529 F2d 1166 Termar Navigation Company Inc Serafin Topic v. Ss Polanica

529 F.2d 1166

TERMAR NAVIGATION COMPANY, INC., as Managing Owner of the
SERAFIN TOPIC, Plaintiff-Appellant,
SS POLANICA et al., Defendants-Appellees.

No. 74--3530.

United States Court of Appeals,
Fifth Circuit.

April 9, 1976.
Rehearing and Rehearing En Banc
Denied May 19, 1976.

John H. Tappan, James D. Brooks, Sidney H. Schell, Mobile, Ala., for plaintiff-appellant.

Oliver J. Latour, Jr., James W. Tarlton, III, Mobile, Ala., for defendants-appellees.

Appeal from the United States District Court for the Southern District of Alabama.

Before GEWIN and AINSWORTH, Circuit Judge, and MARKEY*, Chief Judge.


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Appellant Termar Navigation Company, Inc., owner of the cargo vessel Serafin Topic, seeks reversal of the judgment of the court below, which found the Serafin Topic solely responsible for a collision with the cargo vessel SS Polanica. The accident occurred at about 7:00 p.m. on April 16, 1973 in the Mobile Ship Channel. Both vessels were under the direction of licensed Mobile Bar Pilots. The Polanica was proceeding south (outbound), and the Serafin Topic was heading north (inbound), when the vessels collided in the middle of the channel; the Polanica's bow struck the Serafin Topic a few feet aft of the plimsol mark (midship). There were no injuries, but both vessels sustained extensive damage. Termar Navigation brought suit against the Polanica, whose owner, Polski Linie Oceaniczne, counterclaimed. The case was tried on the liability issue only. We affirm.


The evidence presented to the court during the thirteen-day trial was extensive, and included depositions, oral testimony from a number of witnesses, and over 200 exhibits. The facts were, and are, hotly disputed at virtually every conceivable point. The district court entered extensive findings of fact and conclusions of law. Essentially, the court held that the collision was proximately caused by the Serafin Topic's negligence in allowing herself to drift westward into the path of the Polanica and failing to straighten up and come ahead sufficiently to allow the Polanica to pass safely; and that neither the Polanica nor those aboard her were guilty of any fault that proximately caused or contributed to the collision. The Serafin Topic's theory, rejected below, is basically that she was on her own (east) side of the channel, and that the collision occurred when the Polanica suddenly sheered to port.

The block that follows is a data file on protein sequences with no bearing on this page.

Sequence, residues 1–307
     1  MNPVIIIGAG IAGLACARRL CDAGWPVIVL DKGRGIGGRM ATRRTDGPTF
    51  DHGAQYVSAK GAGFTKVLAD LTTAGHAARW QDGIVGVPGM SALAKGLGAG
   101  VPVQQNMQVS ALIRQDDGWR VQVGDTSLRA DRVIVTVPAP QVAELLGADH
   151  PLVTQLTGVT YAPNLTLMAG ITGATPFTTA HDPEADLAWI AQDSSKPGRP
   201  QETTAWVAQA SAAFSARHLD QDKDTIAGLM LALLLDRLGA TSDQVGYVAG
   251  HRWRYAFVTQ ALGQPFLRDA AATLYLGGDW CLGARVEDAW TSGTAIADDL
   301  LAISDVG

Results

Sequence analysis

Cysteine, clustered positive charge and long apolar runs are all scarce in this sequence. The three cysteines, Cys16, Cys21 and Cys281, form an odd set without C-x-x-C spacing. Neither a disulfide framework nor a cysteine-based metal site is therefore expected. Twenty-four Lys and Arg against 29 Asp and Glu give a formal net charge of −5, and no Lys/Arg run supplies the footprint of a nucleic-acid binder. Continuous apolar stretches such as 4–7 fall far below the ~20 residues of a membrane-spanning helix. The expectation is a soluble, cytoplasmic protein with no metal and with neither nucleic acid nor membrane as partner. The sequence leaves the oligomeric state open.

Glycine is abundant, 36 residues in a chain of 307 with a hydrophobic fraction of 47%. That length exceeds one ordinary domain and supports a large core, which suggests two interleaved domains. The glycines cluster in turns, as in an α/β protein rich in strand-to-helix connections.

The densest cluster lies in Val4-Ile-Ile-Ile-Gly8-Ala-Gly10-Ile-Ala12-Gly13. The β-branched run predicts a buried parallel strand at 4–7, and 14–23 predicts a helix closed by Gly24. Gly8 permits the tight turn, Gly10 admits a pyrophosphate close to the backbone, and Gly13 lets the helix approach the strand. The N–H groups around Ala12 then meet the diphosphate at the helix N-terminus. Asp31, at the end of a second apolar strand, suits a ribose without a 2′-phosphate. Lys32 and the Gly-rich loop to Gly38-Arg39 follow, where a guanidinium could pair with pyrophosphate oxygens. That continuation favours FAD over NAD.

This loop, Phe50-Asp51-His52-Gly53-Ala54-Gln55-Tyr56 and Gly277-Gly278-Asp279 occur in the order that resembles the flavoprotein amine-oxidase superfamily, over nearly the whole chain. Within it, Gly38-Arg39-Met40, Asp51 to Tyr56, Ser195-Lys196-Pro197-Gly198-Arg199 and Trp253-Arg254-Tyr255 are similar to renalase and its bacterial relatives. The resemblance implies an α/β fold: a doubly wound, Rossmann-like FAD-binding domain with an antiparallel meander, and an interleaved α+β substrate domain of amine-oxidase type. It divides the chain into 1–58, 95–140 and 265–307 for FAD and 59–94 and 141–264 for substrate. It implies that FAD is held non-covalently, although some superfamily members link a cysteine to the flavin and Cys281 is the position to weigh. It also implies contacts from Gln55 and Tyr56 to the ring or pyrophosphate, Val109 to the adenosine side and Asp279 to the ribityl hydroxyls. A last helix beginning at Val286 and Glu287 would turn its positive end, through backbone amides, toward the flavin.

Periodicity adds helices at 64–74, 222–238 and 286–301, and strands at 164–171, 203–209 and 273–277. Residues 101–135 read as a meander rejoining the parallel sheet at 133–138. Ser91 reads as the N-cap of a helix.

On appeal, Termar Navigation complains of certain findings and conclusions of the trial court; of the court's failure to find particular facts; and of the court's rulings on some of the Serafin Topic's interrogatories. Our review of fact findings is governed by the dictates of Rule 52(a), F.R.Civ.P., which provides in part: 'Findings of fact shall not be set aside unless clearly erroneous, and due regard shall be given to the opportunity of the trial court to judge of the credibility of the witnesses.' Virtually every finding here required credibility choices by the trial judge, which makes appellant's burden in this court quite formidable. Chaney v. City of Galveston, 368 F.2d 774, 776 (5th Cir. 1966); Smith v. United States, 287 F.2d 299, 301 (5th Cir. 1961). Moreover, we have specifically held that the finding of fault in a collision case is primarily a fact issue to which the clearly erroneous rule applies. Movible Offshore, Inc. v. M/V Wilken A. Falgout, 471 F.2d 268, 272--73 (5th Cir. 1973); A/R Seljan v. Pioneer Leasing Corp., 406 F.2d 768, 769 (5th Cir. 1969).


We have thoroughly reviewed and carefully considered the record and the contentions of the parties in their briefs and at oral argument, and we conclude that the court's findings are supported by the evidence and not clearly erroneous, and that its conclusions are correct.




Of the U.S. Court of Customs and Patent Appeals, sitting by designation